Basic care needs were a real issue. Water should have been a major priority for someone with a kidney problem. I was frequently told to 'drink plenty' but then had to wait 3 hours for some water.

Painkillers are also a basic need but I was made to feel like a junkie. I am in hospital with real pain. If I tell you paracetamol doesn't help then don't treat me like a child and tell me I'm 'not allowed' anything stronger until I've tried it! What is the point in making patients rate their pain if you don't listen to them?

Lastly, there was a real shocking lack of communication. It's important for anyone admitted to hospital to be told basic information like where they are and what is happening, but even more so for someone like me who has a developmental disorder and will get incredibly anxious and distressed if they are suddenly admitted to hospital and not told anything. If my parents hadn't been able to visit every day (despite living over an hour away) then I would have been even more anxious and distressed. It doesn't take long to reassure someone or ask if they're okay.

Also - after the doctors basically making out there was nothing they could find and making me feel like I was imagining my pain my GP checked the results and they actually did show I still had some infection! So much for getting told the correct information.

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Response from Paul Cannon, Head of Administration, Acute Services Division, Greater Glasgow & Clyde NHS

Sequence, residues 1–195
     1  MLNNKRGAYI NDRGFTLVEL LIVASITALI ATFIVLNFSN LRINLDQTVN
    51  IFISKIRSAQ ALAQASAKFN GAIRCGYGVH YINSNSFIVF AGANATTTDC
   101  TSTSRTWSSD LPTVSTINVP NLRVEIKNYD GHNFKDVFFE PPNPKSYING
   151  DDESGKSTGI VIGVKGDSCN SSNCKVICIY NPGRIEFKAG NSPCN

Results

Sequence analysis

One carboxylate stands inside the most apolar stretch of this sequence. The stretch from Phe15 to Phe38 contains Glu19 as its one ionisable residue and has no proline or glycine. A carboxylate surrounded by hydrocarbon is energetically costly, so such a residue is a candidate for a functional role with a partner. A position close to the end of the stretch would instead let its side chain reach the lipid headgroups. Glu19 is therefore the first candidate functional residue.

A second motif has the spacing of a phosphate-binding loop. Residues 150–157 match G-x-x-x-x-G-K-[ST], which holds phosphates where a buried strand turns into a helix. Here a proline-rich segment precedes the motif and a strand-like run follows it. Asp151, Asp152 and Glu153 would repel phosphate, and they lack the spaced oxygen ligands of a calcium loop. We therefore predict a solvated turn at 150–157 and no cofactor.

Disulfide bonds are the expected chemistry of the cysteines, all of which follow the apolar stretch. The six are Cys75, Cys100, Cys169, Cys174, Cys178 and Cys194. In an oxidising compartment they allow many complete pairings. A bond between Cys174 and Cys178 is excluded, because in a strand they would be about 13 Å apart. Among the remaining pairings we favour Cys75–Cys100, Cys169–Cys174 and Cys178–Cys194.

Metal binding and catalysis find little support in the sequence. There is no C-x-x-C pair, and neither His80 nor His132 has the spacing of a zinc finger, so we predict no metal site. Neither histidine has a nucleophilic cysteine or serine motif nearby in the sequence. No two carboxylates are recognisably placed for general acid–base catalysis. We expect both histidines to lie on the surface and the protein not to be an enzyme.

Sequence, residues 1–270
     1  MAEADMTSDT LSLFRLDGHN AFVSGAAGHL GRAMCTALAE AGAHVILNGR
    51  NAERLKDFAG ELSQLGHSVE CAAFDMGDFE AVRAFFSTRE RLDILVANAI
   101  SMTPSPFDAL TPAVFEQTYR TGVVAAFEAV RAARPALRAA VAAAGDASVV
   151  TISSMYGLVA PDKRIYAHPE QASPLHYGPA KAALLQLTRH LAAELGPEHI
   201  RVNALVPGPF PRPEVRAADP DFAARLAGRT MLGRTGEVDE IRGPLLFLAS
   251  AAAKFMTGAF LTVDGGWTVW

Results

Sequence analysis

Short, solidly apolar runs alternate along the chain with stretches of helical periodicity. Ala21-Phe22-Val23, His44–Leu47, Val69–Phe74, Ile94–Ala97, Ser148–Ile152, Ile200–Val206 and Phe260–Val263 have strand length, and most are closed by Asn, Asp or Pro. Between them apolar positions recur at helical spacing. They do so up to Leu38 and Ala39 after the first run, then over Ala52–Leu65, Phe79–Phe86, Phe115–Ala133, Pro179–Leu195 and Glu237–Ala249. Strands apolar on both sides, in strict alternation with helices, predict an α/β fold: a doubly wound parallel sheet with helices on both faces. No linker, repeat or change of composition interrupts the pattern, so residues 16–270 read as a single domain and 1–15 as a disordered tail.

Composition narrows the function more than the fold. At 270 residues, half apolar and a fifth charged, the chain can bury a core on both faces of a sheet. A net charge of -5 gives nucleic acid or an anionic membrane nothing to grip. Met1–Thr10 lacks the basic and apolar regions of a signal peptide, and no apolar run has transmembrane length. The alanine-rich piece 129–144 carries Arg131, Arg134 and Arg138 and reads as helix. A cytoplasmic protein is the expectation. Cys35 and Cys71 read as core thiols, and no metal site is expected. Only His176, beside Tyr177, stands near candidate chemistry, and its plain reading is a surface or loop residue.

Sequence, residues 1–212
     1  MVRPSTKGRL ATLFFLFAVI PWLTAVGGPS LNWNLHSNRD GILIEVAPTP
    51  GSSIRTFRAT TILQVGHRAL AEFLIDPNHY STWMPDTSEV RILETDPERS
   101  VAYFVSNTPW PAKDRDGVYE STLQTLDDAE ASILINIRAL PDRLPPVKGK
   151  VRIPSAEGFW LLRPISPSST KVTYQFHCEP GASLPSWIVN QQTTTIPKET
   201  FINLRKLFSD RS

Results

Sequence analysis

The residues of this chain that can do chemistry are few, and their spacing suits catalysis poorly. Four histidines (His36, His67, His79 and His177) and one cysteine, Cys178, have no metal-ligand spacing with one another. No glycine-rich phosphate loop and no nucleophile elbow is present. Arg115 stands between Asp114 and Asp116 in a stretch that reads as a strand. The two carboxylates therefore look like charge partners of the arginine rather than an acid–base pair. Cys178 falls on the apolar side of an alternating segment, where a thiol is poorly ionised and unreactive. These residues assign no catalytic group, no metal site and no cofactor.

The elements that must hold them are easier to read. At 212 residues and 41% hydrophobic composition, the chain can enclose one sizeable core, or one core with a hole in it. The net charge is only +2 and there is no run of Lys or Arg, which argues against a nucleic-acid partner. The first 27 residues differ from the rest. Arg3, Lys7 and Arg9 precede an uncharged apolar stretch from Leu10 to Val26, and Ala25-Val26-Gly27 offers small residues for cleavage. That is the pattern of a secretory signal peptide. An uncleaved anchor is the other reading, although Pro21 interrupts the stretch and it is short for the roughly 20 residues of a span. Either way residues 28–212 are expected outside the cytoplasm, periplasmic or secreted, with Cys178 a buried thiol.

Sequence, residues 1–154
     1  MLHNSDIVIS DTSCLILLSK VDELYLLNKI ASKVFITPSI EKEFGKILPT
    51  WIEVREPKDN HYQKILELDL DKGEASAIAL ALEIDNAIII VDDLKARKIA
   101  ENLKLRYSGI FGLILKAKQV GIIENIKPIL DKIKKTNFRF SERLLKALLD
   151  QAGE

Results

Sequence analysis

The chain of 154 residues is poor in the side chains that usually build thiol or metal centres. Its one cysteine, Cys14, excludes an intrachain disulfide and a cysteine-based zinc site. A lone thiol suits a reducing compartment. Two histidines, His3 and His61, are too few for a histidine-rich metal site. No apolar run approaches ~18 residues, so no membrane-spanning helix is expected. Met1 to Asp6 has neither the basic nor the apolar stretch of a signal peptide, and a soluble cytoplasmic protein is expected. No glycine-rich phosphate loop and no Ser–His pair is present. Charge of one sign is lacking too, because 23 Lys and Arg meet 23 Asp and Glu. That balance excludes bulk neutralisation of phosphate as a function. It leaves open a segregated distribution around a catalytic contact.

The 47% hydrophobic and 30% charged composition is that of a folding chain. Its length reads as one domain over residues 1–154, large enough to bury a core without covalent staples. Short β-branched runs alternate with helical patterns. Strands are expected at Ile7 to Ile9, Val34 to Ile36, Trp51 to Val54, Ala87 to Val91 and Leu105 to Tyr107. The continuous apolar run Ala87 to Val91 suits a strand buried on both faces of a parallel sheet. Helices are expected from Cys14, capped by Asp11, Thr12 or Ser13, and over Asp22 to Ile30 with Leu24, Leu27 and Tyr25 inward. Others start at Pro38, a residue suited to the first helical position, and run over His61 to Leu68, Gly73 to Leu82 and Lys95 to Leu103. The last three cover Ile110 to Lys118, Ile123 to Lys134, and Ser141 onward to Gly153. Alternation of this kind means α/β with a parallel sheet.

Thank you for taking the time and trouble to provide your feedback.

I am sorry that this posting was not acknowledged at the time, we had a break in our use of Patient Opinion, but we have now resumed doing so, and I thought it was still important to acknowledge your posting.

You raised a number of issues that are of concern and I have passed your comments on to the manager responsible for these services to share your experience with local staff.


  • {{helpful}} {{helpful == 1 ? "person thinks" : "people think"}} this response is helpful

Update posted by phoebemonkey (the patient)

Although I was disappointed that NHS GGC seemed to have stopped using Patient Opinion I am glad to see you have resumed doing so again.

I really hope that staff could learn from my post - it would be helpful to ensure there are members of staff who have autism awareness training. The Autism Resource Centre provides one-day autism awareness training. Since there are 1 in 100 people in Scotland with an autism spectrum disorder, staff really should at least have basic awareness. The National Autistic Society provide information sheets for hospital/medical staff.

As I said in my post, I made it very clear that I have autism, as did my parents. However instead of staff trying to reassure me/communicate to me what was happening, the majority seemed to think that since they didn't know how to deal with me it would be better just to ignore me.

My mother used to be a NHS nurse in the 1980s and she was shocked at the attitudes of some of the members of staff.

Perhaps if staff (nurses, doctors and consultants included) had taken the time to listen to me and investigate my illness fully I would not have had to resort to accessing private healthcare or still be unwell 3 months later.